When the All-Fan team is assembled, Col. John Barrett ought not to be overlooked. He is the rarest breed of all, a fan whose loyalty is so intense he actually works to avoid watching his favorite team play. He will be the distinguished-looking fellow bolting Cole Field House tonight just before the VMI-Kentucky game.
Col. Barrett is an otherwise calm and rational man, scholar and author, in fact faculty chairman of athletics at VMI, fully capable of tolerating the agony of defeat but unable to cope with the thrill of victory.
"I've walked out of stadiums all over the country," he said yesterday, "and I will not be caught dead in here at tipoff for the Kentucky game. It's simply to much. I like to watch warmups, see the spirit build.
"But then I've got to get out. Sometimes people will stop me and I want to talk. I hate to be rude, but I simply have to say: 'I've got to go, I've got to leave here.'"
Outside, Barrett's routine rarely remains the same. Sometimes he will pace the parking lot, counting the cars. Other times, if his motel room is close enough during road games, he will watch television. When VMI beat Duquesne Saturday in the first round of the NCAA Eastern Regionals, Barrett was watching Wake Forest on television.
"When I like to do is leave just before the tipoff," he said, "then return at halftime to see what the score is, the leave again and come back in right after the game has ended.When they say VMI is ahead, it's just like somebody gave me a shot.
"I will enjoy a win just as much if I'm not there, and to see a loss hurts a lot. I've gotten so close to these teams, I feel for 'em so much."
Until about four years ago, Barrett existed in a rather ordinary way, faithfully watching VMI at home and away, suffering through defeat after but never getting disgusted. Then the Keydets turned everything around - including Barrett's stomach.
"I remember listening to a football game against (Virginia) Tech," he said, "and becoming so excited that I left home and drove off into the mountains. Then I went out during the Richmond game and they wouldn't let me back in. But we won. There's a little supersitition, I suppose, but a whole lot of it is physical, too."
Barrett, 55, a professor of history and Civil War historian of national note, began his hasty exists of VMI basketball games almost a year ago to the day, at halftime of the Eastern Regional victory over Tennessee.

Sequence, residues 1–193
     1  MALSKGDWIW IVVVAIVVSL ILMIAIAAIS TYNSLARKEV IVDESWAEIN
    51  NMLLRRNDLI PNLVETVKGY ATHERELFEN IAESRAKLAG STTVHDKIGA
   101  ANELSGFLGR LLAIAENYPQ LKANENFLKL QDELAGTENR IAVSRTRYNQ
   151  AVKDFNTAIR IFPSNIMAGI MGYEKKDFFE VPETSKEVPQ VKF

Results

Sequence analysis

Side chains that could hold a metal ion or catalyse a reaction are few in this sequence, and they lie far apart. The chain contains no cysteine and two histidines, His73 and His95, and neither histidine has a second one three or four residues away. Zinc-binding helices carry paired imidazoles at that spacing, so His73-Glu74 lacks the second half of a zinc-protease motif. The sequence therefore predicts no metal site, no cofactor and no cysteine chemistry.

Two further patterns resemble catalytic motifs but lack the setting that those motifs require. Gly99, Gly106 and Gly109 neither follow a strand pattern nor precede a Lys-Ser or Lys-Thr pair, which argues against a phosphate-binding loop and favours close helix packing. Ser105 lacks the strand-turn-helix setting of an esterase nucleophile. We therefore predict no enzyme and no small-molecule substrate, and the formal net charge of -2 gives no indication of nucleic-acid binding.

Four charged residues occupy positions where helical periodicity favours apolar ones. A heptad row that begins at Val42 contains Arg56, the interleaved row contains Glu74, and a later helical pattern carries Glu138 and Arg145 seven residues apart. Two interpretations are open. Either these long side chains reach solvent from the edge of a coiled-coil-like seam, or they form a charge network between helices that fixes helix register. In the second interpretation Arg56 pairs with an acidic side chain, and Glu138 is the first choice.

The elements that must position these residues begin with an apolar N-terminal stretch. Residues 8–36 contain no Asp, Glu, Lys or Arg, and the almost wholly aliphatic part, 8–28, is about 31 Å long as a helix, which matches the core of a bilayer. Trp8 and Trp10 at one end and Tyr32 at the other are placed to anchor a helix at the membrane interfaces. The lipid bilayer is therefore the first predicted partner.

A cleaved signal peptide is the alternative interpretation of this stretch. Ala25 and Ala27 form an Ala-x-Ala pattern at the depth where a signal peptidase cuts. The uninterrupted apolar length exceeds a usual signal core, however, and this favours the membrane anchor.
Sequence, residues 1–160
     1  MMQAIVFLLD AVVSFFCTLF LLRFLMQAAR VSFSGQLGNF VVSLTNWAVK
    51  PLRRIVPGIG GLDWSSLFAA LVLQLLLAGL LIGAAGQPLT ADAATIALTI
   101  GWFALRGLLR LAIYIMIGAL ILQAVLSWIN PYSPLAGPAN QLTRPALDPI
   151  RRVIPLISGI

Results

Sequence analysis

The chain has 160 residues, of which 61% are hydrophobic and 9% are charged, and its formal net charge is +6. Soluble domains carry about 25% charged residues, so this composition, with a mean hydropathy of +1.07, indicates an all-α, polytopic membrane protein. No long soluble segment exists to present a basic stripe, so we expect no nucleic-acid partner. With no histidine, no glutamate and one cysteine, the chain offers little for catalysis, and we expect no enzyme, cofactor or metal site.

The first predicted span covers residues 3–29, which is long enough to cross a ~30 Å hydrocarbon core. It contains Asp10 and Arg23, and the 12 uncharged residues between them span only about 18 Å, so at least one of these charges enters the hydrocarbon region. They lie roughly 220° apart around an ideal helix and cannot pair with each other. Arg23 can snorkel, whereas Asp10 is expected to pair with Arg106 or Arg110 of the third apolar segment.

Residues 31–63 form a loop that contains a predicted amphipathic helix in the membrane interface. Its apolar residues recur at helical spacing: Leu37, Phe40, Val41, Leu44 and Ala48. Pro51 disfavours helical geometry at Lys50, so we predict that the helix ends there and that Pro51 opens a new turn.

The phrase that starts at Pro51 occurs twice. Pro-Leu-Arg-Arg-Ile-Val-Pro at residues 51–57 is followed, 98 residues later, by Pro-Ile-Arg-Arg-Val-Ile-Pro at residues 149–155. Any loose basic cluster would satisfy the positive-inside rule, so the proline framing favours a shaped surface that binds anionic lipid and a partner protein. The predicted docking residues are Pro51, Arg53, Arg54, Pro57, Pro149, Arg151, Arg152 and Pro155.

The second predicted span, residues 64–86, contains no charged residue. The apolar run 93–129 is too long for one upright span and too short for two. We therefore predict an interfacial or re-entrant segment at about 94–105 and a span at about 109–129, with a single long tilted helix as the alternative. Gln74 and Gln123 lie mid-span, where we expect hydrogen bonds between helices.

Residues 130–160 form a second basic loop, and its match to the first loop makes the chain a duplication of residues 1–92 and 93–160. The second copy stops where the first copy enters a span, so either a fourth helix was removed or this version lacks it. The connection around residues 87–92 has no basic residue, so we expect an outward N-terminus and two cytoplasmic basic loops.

"I couldn't tell for sure outside," he said, "but I got to feeling pretty good when two guys with orange coats came out of the arena mumbling and cussing. I guess I did see the final 30 seconds or so."
He arrived too soon for VMI's next game, against DePaul. He had left and returned at halftime, as usual, and thought it safe enough to return again when someone said VMI was up by six points with 90 seconds left.
"But we couldn't make any free throws and the game went into overtime," he said, "so I had to leave again, for the overtime." VMI won.
The men who changed Barett's routine - and VMI's losing trend in basketball - are Bill Blair and Charlie Schmaus. Blair coached the Keydets to the regional finals last year, then became head coach at Colorado. When all the wizards in sisted that was a fluke, Schmaus, the former assistant, took VMI to a 25-3 regular season and first-round victory over Duquesne in the regionals.
Typically, VMI is winning with players hardly any of the usual NCAA playoff teams, North Carolina, Notre Dame, UCLA, bothered to seriously recuit. Oh, there was a Dean in Ron Carter's life back in Pittsburgh, but it was not coach Dean Smith, it was a playmate, Dean Smith, it was a playmate, Dean Robinson.
Probably, most of the nation's finest recruiters did in fact see Carter. But it was out of the corners of their eyes, primary attention being devoted to such as Brad Davis, Melvin Bennett and Billy Knight's brother, Terry, During Playround games.
"At a big school," said Carter, a foot-3 junior guard-forward, "I would not have had the chance to develop what I need to develop, which was shooting, dribbling and defense. I had been cut from the team my sophomore year in high school, and just made the team as a junior.
"After my freshman year at VMI when we went 13-13, I worked basketball whenever I could. My routine was to run early in the morning, and then there'd be games in the early afternoon or evening.
"Then I'd go off, after supper, about 11 o'clock, and work out until they turned the lights out on the playground, around 2 a.m. Then I'd stay around maybe another half-hour or so."
Doing what, if the lights were out.
"Dribbing. Just dribbing. If you can dribble at 3 a.m., in the dark you don't have to look at that ball when you're dribbing in a game."
That is how Carter became the one player in all the reginnals that improved the most the quickes. That is one reason why VMI is the one team in all the reginnals that improved the most the quickes. And, yes, Barrett thought it safe to attend the team workout yesterday.
"My greatest moments," he said "are pratice."